This statement she’d uttered so seriously left me speechless at that moment – in fact, I was overcome with the urge to cry. I was still stunned as I left the surgery, and then found myself angrily taking to Twitter and posting a whole thread questioning why one of my doctors would feel the need to say that to me – as I lay on the nurse’s bed, at my most vulnerable, a couple of stone lighter than I was pre-op and having trouble walking without support. Why would I care how I looked, at that time? I was far more concerned with healing, and coping with the horrible pains in my guts which I still get to this day when I feel anxious or eat too much (which then triggers what docs have said is minor PTSD). Why did this GP, a fellow woman, think it was relevant or necessary to comment on my appearance? After posting these angry tweets, I was overwhelmed with support from online friends and total strangers, telling me I mustn’t worry about how I look after surgery – the important thing is I survived, and I’m okay. This experience actually made me all the more proud of and happy with my scarred stomach; as soon as my dressing came off, I was whipping it out at every opportunity to show friends and impress family members. I was rubbing healing oil on it every night, not entirely to help it fade, but to keep it beautiful.
Grace and Jen
4. On the beach.
I spent Christmas last year in Australia with my family who live out there. It was a surreal experience to say the least; on Christmas Day the sun was blazing from early morning, and it reached 37 degrees by lunch time! The entire time I was staying there – from November to January – it was steaming heat that never let up, and the beaches along the Gold Coast were swarming with people all day, every day. So obviously, I was often joining the masses in laying on the sand and swimming in the sea. But the first few times on my trip when I made my way to the beach, alongside the surfers, swimmers and sun worshippers, I would feel nervous. I had my bikini on under my T-shirt and shorts; it was deep blue, bandeau top and high-waisted pants. To begin with, I’d lay my towel out and strip off very carefully, making sure my pants were pulled right up to my belly button. I’d tell myself it was to protect the scar from getting burnt, when really it was a fear that I’d be judged somehow for that bright and bobbled line that cut my tummy down the middle – and gave it strange bulges either side of the pale staple marks.
But then after a week or so of visiting the beach, I came to realise something that seemed crazy but was absolutely true – nobody cared. There were eighty-year-olds strolling along the shoreline in smocks and speedos; teenagers jumping off rocks and skinny dipping, adults covered in tattoos sprawled out baking under the sun… and there were scars. I’d say every third or fourth person I saw – because of course, I was noticing them more than anyone else – had some kind of mark on their skin, whether it was a mottled burn on their arm or a gash down their leg; a dimple in their lower abdomen or even one nipple-less breast. So many people were walking around with their scars on show and, more importantly than that, they seemed to not care at all who saw them. It truly inspired me. Before I knew it I was folding over the top of my bikini bottoms and letting the whole beach get a peek at my badass belly; I felt the sea spray it, and let the sun kiss it. It was an incredible, freeing feeling.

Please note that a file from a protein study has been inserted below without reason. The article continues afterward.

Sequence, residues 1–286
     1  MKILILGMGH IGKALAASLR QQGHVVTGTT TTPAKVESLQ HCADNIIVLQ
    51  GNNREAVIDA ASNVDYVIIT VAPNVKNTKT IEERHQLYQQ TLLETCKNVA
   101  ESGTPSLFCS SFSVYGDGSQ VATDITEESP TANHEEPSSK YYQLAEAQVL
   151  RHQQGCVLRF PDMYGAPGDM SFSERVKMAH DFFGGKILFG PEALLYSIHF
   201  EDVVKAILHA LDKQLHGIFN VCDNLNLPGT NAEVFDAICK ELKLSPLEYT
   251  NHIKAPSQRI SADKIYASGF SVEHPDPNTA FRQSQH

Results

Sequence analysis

Grace modelling Victory Black
Body positivity is so important to me. The movement means so much to so many people, because it doesn’t tell them how they should look, it simply and kindly lets them know that there’s no shame in being who they are and owning their appearance. And after years of seeing just one type of body in the media or on TV, that means a lot to me and my entire generation, as well as the ones before us. Imagine how the future generations could be, if we let them embrace themselves in a properly positive way!?
Another big thing we have to thank body positivity for, is finally being allowed to feel sexy. Being somewhere between sizes 10-14 for the past decade, it’s been shockingly hard to feel my body is ‘hot’, what with the media’s selective imagery and shops’ terrible sizing. Underwear shopping has always been tricky for me, because I am broad across my chest and have a bigger butt, and apparently in most high street stores this means you won’t want to dress them up for yourself or anyone else – no no, you needed to keep them restrained in the ugliest, almost medical-looking contraptions. Coming across Curvy Kate at a body positive event in London was wonderful, and I am so grateful to now have their whole range of sexy sets to choose from, that will keep my body comfy while making me feel utterly gorgeous.
I say it so many times; this is the only body you’ll ever have. Dress it up, decorate it, take care of it, nourish it – and be proud of it.
By Grace Latter
Watch the full campaign that Grace stars in with 5 other inspiring ladies!